Following Paige informing me of this incident, I took a number of steps to try to prevent such a thing from happening again. I contacted the excellent chief executive of Redcar and Cleveland Council, Amanda Skelton, who committed that authority staff would conduct regular sweeps of the play area to keep it safe, as well as cutting back the shrubbery in which the incident occurred. The council already has a well-established and important commitment to responding to any reports of discarded drug paraphernalia within two hours. That is really important and I hope that it will continue.
I also contacted the then chief constable of Cleveland police to request a greater police presence in the area in an attempt to keep drug users away. The park was duly added to the patrol pattern of local police community support officers. Today is not the day for this, but I believe that Cleveland police need to allocate greater resources to rural East Cleveland, which too often feels like the forgotten area of their patch. I will raise that issue separately with our new chief constable.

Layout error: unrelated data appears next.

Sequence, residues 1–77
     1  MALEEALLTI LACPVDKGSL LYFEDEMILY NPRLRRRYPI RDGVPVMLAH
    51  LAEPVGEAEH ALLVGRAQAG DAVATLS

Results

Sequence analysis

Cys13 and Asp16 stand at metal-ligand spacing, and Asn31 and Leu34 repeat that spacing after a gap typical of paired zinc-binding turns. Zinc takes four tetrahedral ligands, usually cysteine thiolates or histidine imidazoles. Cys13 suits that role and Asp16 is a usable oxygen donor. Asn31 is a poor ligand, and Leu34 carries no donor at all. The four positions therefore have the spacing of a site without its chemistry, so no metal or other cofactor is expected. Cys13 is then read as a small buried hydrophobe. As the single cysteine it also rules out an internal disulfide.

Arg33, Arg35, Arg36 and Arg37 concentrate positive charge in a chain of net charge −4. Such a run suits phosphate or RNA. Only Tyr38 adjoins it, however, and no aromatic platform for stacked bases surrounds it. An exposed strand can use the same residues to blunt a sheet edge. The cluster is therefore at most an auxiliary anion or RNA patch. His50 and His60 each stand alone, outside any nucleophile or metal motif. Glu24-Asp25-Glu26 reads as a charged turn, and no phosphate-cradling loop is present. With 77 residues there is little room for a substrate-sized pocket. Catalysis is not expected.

Riley’s incident has subsequently, I am pleased to say, led to the establishment of a drug-related litter working group that is exploring ways in which this nuisance can be stamped out. Although that is welcome, it is local in scope. I therefore also asked the House of Commons Library to look into what criminal sanctions exist for people who put the public at risk in this way. I was shocked to discover that the only offence with which an individual who discards used needles can be charged is that of general littering under part IV of the Environmental Protection Act 1990. Just consider that for a moment: an individual can inject themselves with heroin, itself a criminal offence, go on to discard their needles in a way that endangers the lives of children and others, and be given nothing more than a fine for littering. I find that pretty staggering. The moral difference, both in intention and consequence, between discarding used drug needles and, say, a sweet wrapper, is patently obvious, and yet the law as it stands fails to recognise this difference.